Inspired by My Grandma and My Son

Grief is like being naked in a lake full of people with swimsuits.  It makes you feel raw, exposed, at times embarrassed, especially when people are staring at you while someone else is leaning close with words you know have something to do with you and your situation.  Your situation, whether it be a tragedy, a major devastation, is really only yours to tell, to disclose.

Grief is like doing a triathalon.  You can have people cheering for you from the sidelines, running beside you, but it’s you that has to will yourself to keep going.  It’s like when I wanted to walk after transitioning off the bike to the run but a kind man ran beside me for the first mile saying, “Come on.  You can do it.  Follow my steps, it will only hurt for this first mile, until the lactic acid is worked out of your muscles.”  I was twelve; the man, significantly older and not worried about his final time.  I tried to stop a couple of times, but he was there, reminding me that my legs would get used to this new motion — running.  He was helpful in getting me through the tough stuff, the stuff I couldn’t have done on my own because my mind wouldn’t let me but I’m the one who ultimately had to make the decision to run instead of walk, to take his encouragement rather than listen to my legs screaming, “Stop! Stop!”  Grief is this way, people come along beside us but they aren’t feeling our debilitating pain, or thinking the thoughts of our own death because the pain is so great or making decisions other than taking that drink, that smoke, that sniff because surely it is all too much to bear without substances altering our experience.    Ultimately, it’s me who has to choose to lean into the pain, to bear the pain, to move through the pain until it eases, isn’t so sharp.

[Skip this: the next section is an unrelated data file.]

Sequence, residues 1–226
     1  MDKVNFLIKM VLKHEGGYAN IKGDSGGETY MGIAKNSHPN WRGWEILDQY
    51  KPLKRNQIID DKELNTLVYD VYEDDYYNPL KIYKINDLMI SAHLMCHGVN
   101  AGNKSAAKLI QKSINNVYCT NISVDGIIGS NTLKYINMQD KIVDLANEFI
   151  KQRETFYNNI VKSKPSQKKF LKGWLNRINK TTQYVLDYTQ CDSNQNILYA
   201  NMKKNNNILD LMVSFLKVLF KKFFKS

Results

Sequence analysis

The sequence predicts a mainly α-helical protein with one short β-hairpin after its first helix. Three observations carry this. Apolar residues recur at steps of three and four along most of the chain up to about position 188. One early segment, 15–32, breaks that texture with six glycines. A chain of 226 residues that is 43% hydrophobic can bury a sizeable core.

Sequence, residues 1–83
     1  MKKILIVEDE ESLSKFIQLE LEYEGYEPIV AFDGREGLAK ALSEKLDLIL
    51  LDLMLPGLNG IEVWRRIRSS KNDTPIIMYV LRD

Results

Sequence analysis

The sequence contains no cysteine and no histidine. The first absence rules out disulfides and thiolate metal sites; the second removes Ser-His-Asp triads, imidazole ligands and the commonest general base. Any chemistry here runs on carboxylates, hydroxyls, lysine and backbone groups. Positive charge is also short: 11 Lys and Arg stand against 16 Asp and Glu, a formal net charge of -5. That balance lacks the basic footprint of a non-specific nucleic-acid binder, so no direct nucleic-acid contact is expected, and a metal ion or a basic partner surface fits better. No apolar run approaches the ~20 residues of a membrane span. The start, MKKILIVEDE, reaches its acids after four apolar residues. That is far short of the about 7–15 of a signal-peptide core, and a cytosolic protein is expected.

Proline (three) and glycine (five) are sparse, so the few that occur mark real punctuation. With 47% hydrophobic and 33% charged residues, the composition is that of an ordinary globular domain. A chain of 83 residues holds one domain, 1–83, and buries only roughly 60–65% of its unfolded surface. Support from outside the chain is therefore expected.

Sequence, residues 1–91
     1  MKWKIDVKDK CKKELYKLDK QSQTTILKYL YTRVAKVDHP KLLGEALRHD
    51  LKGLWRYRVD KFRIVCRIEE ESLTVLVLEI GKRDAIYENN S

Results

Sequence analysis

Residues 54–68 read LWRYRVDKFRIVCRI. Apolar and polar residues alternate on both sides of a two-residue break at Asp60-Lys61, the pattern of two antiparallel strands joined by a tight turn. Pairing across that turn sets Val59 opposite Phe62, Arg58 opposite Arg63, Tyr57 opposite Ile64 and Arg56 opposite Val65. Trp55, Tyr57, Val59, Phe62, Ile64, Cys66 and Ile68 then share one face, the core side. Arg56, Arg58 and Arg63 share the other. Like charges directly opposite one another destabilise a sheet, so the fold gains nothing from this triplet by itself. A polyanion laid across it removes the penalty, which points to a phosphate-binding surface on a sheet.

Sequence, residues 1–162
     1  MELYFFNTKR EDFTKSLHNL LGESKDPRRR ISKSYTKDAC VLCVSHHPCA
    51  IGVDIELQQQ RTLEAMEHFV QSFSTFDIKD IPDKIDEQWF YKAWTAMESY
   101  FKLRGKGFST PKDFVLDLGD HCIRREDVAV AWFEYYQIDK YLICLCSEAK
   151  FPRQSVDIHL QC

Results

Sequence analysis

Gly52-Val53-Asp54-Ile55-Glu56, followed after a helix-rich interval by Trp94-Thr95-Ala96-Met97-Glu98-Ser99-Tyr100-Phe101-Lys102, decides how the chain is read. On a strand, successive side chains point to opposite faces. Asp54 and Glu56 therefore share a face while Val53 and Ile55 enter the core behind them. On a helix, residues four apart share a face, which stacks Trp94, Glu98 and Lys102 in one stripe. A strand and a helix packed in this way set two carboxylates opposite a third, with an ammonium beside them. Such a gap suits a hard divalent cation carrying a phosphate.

Grief feels like it reaches inside and squeezes your gut, your intestines, your appetite.  It makes you feel like something has gone terribly wrong and somehow it will never be made right.  It’s a signal, the signal, nothing will ever be the same.  It cannot possibly be the same.  Humpty dumpty will never be put together again, and really, how could those million little pieces fit together to make the whole it once was?

Grief is like a pause button.  An interruption to the regularly scheduled program.  Like a mass shooting.  Or an earthquake.  A change in power.

Grief is like returning home only to find the barn has burned.  Then 20 years later, when it still smells like ash, the tears come.  The visions of the rope swing, the saddles, the canister of oats, memories of stalking wild cats and groundhogs.  I can still see them waiting at the gate.  For me.  Ladybug, my Shetland pony.  Thunder, my Quarter-Thoroughbred mare.

I can still feel you against my belly.  Swimming.  The color of your eyes – never determined.  I miss you, Baby Long Beach.

I can see you in your recliner, sleep-watching the football game.  Stuck in 1990.  I miss you, Grandpa.

I can see you in your garden picking raspberries.  Waving at me while I drive by on the golf cart.  I never saw you in the hospice care facility, you didn’t make it before I could see you one last time.  November 27, 2004.  Cancer.  I miss you, Grandma.